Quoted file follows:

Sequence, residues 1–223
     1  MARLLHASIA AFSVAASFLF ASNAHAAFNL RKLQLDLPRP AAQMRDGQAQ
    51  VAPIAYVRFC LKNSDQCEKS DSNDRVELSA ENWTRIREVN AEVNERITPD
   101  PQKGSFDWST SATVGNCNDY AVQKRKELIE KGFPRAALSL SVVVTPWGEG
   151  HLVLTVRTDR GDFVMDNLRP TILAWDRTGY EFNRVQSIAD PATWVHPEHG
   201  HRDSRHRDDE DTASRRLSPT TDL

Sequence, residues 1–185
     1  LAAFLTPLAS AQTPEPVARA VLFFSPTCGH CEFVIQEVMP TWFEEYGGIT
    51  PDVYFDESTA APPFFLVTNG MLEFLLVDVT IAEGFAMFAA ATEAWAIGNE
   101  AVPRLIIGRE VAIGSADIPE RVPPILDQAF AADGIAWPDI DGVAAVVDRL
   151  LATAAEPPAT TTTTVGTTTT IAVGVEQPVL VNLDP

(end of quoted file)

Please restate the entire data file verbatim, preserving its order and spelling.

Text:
Sequence, residues 1–223
     1  MARLLHASIA AFSVAASFLF ASNAHAAFNL RKLQLDLPRP AAQMRDGQAQ
    51  VAPIAYVRFC LKNSDQCEKS DSNDRVELSA ENWTRIREVN AEVNERITPD
   101  PQKGSFDWST SATVGNCNDY AVQKRKELIE KGFPRAALSL SVVVTPWGEG
   151  HLVLTVRTDR GDFVMDNLRP TILAWDRTGY EFNRVQSIAD PATWVHPEHG
   201  HRDSRHRDDE DTASRRLSPT TDL

Sequence, residues 1–185
     1  LAAFLTPLAS AQTPEPVARA VLFFSPTCGH CEFVIQEVMP TWFEEYGGIT
    51  PDVYFDESTA APPFFLVTNG MLEFLLVDVT IAEGFAMFAA ATEAWAIGNE
   101  AVPRLIIGRE VAIGSADIPE RVPPILDQAF AADGIAWPDI DGVAAVVDRL
   151  LATAAEPPAT TTTTVGTTTT IAVGVEQPVL VNLDP